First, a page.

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National Faithful Told Not To Rest On Laurels

Fuseworks Media
Fuseworks Media

Wellington, Aug 1 NZPA - Outgoing National Party president Judy Kirk has told party faithful not to rest on their laurels and that they need to prepare for the 2011 election.

Party members are gathering in Christchurch this weekend to celebrate their return to Government and to elect a new president for the first time in seven years.

The party's 73rd annual conference is the first major party meeting since National swept to power last November under the leadership of John Key.

Mrs Kirk is also standing down after she was first elected in 2002 and she leaves the position with the party in far better heart than when she first took office.

The 2002 election left National decimated with a low party vote, demoralised membership and the caucus shrunk to a small core.

In her message to the conference, Mrs Kirk said she was proud that the party had been rebuilt, the caucus rejuvenated and returned to government with the highest ever party vote under MMP.

"It is essential that we don't rest on our laurels. We must keep the party strong and in good health," Mrs Kirk said.

"Our work is never fully done, the campaign continues. The party vote must always be the target ... Where we forgot the importance of the party vote, we got walloped. When we paid attention to its importance, we had a stunning win."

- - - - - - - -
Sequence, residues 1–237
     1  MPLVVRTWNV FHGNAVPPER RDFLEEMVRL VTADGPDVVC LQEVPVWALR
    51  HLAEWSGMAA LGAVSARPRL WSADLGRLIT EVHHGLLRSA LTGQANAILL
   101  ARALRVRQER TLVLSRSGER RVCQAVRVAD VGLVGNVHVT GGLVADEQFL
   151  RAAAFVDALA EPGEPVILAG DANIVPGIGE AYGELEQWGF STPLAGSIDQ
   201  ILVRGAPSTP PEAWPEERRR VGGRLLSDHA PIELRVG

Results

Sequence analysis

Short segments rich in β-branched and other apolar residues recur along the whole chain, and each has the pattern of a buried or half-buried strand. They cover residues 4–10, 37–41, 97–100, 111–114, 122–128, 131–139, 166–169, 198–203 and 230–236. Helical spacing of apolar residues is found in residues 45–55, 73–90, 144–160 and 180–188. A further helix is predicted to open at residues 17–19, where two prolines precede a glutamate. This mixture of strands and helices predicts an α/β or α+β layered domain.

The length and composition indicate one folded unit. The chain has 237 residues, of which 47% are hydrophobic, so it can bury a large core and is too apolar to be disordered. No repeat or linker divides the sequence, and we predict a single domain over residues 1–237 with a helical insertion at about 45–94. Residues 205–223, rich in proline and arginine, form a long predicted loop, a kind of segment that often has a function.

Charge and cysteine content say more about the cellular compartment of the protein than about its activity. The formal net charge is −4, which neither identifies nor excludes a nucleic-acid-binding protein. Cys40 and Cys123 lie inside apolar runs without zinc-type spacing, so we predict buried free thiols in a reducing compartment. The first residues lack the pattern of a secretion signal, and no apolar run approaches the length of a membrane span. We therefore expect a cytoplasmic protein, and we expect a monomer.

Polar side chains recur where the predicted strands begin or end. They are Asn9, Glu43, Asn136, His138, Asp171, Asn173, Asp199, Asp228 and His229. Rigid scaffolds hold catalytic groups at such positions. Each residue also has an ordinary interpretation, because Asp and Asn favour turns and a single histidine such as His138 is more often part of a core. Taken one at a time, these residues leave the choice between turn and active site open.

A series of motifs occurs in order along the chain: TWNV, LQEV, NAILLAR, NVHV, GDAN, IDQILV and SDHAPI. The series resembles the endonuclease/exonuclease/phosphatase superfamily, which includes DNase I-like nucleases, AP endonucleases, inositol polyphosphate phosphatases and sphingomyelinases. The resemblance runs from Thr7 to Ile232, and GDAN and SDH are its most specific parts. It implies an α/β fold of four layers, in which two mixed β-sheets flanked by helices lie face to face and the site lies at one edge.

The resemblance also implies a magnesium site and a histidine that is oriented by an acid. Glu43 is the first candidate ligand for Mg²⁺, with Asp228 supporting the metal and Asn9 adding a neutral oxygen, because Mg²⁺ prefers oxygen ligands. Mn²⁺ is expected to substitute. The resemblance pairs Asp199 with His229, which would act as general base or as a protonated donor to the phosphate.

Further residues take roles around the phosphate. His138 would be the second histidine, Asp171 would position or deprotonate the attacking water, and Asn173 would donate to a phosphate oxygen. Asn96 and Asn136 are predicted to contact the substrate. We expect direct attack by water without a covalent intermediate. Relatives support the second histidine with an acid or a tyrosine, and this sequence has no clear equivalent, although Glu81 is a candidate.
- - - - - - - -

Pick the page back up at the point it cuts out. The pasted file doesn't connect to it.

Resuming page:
Mrs Kirk said rebuilding the party had been a long arduous task but one she never thought was unachievable.

"It is the first time that we have met as a party to celebrate National's election win last year and the first time in a decade that we can welcome a prime minister to our conference," Mrs Kirk said.

The conference would also focus on working towards the 2011 election and the first step would be to elect a president.

National reformed its constitution after a particularly divisive presidential election brought Michelle Boag to power.

Instead of a president being elected directly from the general membership, the membership now votes in an executive board and in turn the board elects one of its own to the presidency.

The board is made up of Prime Minister John Key, one caucus representative, the party's general manager and seven elected members.

There are five vacancies among the elected members with eight people seeking the nomination.

The candidate with the highest public profile is Wira Gardiner who served as lieutenant colonel in the army, and helped set up the Maori Development Ministry and the Waitangi Tribunal.

He parted ways with the National Party in 2005 when then leader Don Brash launched his Iwi/Kiwi campaign.

Mr Gardiner returned to the party and his wife Hekia Parata is also now an MP.

He was appointed a DCNZM in 2008 and will accept his knighthood later in the year.

Mr Gardiner's higher public profile makes him likely to win a seat on the board, but his election to president is by no means certain.

The board is elected today and the president tomorrow.

Today Deputy Prime Minister Bill English will give a centrepiece speech where he is expected to attack Labour for its economic record and tomorrow the conference will close with an address from Mr Key.

NZPA PAR il nb

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